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Australians on the move: seeking relief from the cost of living crunch


As living expenses continue to escalate, increasing numbers of Australians are packing their bags in pursuit of a more affordable life, according to the latest insights from Muval’s 2023 Index. This comprehensive national report charts a notable shift in the nation’s moving habits, with financial pressures taking the lead as a key motivator for relocation.

Dramatic findings in the Muval report indicate that the quest to ease the strain of the cost of living accounted for 35% of moves in 2023, which is a striking rise from the mere 11% recorded in the previous year. “Over the past 12 months we’ve seen a dramatic increase in both interest rates and rents throughout the country – we’re now sitting at a 12-year high for rates, and rents have skyrocketed to record amounts in recent months. Many Australians have hit the end of the road and with no buffer left, they have no choice but to make a big change as they seek out more affordable options,” said Muval Chief Executive Officer James Morrell.

Individuals are not just seeking cheaper dwellings but also eyeing better-paying job prospects, with 29% citing employment reasons coupled with a desire for higher income. Surging rents and mortgage rates have prompted almost double the typical annual relocation rate, with a significant impact on younger demographics, particularly those in Victoria facing the dual challenges of escalating rents and rates.

The majority of moves, about 64%, have seen Australians remain within the same city, though a considerable proportion, 22%, is opting for intercity migration, and 9% has gone as far as crossing state lines. The most poignant reflection of the current housing affordability dilemma is the uptick in ‘couch surfing,’ a trend that has predominantly affected young Australians between 18 and 34 years of age.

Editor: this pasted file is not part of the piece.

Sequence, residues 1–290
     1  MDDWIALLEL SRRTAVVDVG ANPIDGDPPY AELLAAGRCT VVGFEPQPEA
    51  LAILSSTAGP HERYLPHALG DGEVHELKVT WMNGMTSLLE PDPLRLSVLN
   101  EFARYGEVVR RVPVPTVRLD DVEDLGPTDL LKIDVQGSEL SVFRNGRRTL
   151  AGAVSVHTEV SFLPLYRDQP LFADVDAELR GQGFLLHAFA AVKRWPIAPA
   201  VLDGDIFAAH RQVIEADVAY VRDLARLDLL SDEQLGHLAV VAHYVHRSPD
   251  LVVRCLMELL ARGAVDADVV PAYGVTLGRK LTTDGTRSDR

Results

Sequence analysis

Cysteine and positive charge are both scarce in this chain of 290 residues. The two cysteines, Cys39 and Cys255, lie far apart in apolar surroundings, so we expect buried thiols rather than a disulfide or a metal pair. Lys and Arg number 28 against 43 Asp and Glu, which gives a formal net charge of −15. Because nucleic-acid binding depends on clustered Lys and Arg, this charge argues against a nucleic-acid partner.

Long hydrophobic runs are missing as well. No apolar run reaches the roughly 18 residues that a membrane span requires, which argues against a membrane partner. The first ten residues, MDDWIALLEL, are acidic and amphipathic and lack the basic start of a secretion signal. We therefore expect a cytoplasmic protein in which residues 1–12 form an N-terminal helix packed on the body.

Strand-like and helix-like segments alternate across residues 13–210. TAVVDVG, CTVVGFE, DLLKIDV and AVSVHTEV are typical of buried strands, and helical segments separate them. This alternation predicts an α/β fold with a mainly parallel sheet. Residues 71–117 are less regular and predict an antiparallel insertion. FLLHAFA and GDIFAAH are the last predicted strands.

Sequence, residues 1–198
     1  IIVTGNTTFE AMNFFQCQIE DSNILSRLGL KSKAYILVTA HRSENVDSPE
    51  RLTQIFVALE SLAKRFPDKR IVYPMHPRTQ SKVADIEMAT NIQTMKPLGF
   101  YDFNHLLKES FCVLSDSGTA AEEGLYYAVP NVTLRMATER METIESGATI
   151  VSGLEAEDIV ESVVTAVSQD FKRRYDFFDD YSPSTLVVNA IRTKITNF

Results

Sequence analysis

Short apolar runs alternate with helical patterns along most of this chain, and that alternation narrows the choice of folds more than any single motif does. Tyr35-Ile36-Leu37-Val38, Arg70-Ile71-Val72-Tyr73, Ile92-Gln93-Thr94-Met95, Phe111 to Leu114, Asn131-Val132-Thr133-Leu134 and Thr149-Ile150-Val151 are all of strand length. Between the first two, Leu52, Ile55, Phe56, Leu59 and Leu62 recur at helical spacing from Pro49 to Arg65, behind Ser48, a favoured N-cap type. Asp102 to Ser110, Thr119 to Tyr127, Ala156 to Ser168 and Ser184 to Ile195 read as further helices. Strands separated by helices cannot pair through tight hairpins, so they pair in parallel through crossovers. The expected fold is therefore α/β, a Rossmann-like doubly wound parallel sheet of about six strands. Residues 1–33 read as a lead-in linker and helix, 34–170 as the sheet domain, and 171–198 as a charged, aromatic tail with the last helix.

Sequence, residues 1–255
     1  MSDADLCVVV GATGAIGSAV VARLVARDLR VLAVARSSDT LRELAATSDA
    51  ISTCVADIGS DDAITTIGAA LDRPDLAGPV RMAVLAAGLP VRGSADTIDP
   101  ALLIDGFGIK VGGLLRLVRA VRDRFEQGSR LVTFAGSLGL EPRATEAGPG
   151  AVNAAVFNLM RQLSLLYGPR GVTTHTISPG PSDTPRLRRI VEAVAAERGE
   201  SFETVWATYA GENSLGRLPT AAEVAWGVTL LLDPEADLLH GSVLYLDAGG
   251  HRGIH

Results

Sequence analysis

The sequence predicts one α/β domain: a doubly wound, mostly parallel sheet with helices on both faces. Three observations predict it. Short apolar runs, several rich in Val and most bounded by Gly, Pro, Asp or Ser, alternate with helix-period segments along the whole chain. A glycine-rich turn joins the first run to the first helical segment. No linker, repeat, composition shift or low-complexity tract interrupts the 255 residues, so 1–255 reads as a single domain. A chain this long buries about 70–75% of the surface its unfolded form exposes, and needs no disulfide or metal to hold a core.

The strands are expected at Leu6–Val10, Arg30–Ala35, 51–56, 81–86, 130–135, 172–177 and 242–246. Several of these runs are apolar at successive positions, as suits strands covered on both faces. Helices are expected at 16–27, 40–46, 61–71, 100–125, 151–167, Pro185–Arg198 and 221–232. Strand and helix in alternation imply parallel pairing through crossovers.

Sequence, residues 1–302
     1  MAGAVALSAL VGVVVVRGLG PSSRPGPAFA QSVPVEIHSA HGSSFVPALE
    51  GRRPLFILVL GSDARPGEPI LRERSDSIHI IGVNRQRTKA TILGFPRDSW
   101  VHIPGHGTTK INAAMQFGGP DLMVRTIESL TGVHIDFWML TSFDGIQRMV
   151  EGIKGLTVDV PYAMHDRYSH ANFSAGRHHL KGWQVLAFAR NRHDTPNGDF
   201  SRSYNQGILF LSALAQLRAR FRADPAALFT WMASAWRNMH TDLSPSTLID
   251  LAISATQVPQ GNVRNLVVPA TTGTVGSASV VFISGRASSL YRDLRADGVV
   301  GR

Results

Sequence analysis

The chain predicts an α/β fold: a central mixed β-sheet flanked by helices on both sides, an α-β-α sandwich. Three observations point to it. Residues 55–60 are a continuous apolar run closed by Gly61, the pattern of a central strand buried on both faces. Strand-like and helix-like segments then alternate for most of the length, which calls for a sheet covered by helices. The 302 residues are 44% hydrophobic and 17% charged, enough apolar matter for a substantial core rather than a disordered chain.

Queenslanders have shown the most home-state loyalty, with 80% staying within the same city despite financial motivations. Conversely, Western Australians have displayed a propensity to leave their state in search of better opportunities.

The rental market has hit a critical juncture with a significant 11% of those surveyed jumping into homeownership following rental increases. This switch, largely occurring in the last two years, featured a noteworthy participation of middle-aged Australians.

As Australians ponder their new year’s resolutions for 2024, reigning supreme is the desire to shrink living costs, yearning for a more accessible lifestyle and affordable housing, with a whopping 25% of Australians prepared to relocate for a $50,000 salary boost.


Morrell adds, “What a difference a year makes. This time last year Australians were moving to upgrade their home, and this year moves are based on one thing – affordability. The 2023 Muval Index shows how much inflationary pressures have changed Australians’ outlook in the space of a year and what they are having to do to keep a roof over their head.”

By compiling data from a nationally representative survey and Muval’s own removalist booking figures, backed by validation from The University of Queensland, the 2023 Muval Index offers a predictive glimpse into future residential trends as Australians respond to the economic pressures of the times. The ‘great money migration,’ as termed by Morrell, seems set to continue well into 2024 as affordability becomes increasingly central to the decision to move.

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